Social Inclusivity and Art

Aired: Jun. 27, 2019

With one year to go before the 2020 Tokyo Olympic and Paralympic Games, this segment features a leading project in the cultural program of the Paralympics called TURN. Lead by the Arts Council Tokyo and Katsuhiko Hibino, an artist and professor at the Tokyo University of the Arts, the project seeks to create new forms of expression through interaction between artists and people with disabilities.

A dance performance at the TURN FES
Turn-noun, def: “Natural or special ability or aptitude”
Experiencing the exhibition without seeing and hearing
Katsuhiko Hibino and visitors during the TURN FES 2018

Viewers’ Voice

The ‘performance’ art was creative and inclusive as it engaged those with disabilities. It was inspiring to see how art exists not just for art’s sake but serves a bigger purpose in the community.

From the Philippines

I came to understand that the “TURN” project aims to integrate and demystify those of special needs through self-expression and connection with wider society. Contrasting with so many self-indulgent works nowadays, I was impressed by how TURN seeks to improve the health of society by “creating a kinder and more flexible society through art.” The ‘human sushi roll’ was cute and I enjoyed seeing the smiles of people engaging in this and other activities of TURN. Besides the upcoming 2020 Paralympic Games, this project is timely given the multitude of ways in which our world is in increasingly short supply of these kinds of qualities. I was pleased to see Japan positioning at the centre of this alternative vision.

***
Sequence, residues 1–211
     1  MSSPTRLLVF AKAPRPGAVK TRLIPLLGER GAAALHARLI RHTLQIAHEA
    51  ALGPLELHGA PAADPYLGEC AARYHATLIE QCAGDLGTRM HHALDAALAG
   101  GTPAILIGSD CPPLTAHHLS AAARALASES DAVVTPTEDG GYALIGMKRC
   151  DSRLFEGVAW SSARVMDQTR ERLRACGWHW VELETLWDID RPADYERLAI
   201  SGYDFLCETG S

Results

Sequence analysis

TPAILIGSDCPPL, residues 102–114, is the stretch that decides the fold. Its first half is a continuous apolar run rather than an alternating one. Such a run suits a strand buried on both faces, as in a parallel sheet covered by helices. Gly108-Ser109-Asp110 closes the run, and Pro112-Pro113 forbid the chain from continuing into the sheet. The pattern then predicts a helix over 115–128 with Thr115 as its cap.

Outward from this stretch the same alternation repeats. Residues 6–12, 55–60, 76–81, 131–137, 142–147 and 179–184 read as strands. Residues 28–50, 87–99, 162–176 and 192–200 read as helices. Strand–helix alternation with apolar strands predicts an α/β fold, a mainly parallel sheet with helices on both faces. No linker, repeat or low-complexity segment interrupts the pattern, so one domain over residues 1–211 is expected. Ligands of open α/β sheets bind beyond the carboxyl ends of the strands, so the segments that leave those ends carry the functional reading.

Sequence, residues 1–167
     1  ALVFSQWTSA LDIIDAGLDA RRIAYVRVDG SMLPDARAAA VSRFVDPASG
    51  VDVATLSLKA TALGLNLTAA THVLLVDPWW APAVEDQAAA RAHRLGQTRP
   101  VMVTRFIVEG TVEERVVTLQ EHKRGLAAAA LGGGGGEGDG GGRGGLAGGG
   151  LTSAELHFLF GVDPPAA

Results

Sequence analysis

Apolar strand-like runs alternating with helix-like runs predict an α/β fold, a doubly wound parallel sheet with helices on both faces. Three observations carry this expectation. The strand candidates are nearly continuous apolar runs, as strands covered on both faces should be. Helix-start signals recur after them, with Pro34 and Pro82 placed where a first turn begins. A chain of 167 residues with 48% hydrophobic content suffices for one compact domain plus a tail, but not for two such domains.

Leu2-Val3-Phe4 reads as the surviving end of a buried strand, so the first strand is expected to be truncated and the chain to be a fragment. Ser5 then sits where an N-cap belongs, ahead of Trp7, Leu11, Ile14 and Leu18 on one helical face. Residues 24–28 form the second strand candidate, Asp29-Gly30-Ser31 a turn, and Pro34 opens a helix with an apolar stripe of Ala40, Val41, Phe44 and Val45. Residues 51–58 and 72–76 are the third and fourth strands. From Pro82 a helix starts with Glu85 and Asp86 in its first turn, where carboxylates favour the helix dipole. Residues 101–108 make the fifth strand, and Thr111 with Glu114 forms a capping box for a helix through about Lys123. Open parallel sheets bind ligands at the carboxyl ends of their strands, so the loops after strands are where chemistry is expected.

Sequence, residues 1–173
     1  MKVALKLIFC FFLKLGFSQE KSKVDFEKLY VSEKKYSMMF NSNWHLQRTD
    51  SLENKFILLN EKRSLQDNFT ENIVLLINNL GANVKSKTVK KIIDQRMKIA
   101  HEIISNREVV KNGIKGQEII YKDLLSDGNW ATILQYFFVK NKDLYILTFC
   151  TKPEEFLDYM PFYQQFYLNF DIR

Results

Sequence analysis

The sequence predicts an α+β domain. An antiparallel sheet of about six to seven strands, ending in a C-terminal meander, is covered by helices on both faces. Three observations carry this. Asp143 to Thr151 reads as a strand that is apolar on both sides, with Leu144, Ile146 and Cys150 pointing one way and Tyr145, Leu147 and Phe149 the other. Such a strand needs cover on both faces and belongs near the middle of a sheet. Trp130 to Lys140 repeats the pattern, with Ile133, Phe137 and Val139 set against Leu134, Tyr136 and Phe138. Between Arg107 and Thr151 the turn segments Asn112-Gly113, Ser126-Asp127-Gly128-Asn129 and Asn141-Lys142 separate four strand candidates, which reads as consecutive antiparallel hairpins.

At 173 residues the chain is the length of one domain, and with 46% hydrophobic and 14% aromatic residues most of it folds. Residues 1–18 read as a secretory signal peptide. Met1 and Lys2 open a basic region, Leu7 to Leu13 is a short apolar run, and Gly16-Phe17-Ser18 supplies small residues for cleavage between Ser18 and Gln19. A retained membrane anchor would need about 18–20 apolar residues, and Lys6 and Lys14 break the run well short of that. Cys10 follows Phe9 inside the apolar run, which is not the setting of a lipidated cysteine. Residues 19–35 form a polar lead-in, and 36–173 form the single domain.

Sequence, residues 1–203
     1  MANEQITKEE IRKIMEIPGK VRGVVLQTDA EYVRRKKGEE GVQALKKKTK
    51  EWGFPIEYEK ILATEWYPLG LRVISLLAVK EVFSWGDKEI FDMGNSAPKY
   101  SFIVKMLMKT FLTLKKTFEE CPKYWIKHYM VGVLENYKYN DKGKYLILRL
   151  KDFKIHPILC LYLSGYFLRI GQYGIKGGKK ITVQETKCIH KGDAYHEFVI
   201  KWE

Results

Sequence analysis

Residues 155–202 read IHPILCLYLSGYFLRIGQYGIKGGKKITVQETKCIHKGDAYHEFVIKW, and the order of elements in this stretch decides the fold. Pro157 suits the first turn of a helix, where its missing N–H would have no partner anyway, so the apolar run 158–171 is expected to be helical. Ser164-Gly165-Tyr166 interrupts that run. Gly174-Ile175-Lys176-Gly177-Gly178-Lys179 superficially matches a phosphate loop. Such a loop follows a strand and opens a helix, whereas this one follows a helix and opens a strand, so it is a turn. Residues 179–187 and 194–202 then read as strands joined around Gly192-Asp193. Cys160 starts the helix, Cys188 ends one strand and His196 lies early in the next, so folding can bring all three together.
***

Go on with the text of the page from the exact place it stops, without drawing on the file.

From Australia

The topic was about an artform that I’ve never seen before and it was interesting for that reason alone. It was also covered well. I enjoyed the camera following Onishi into the facility and watching him actually trace his subjects on film. It’s a great visual to reinforce the narration. Since it’s a unique artform, it needs an explanation and the one provided in the program was great. It could’ve been explained in narration, but interviews were used instead, which is significantly more interesting. Also, the coverage of TURN events by the Arts Council Tokyo and actually getting to see people participate gave the segment a lot of emotional depth.

From the US

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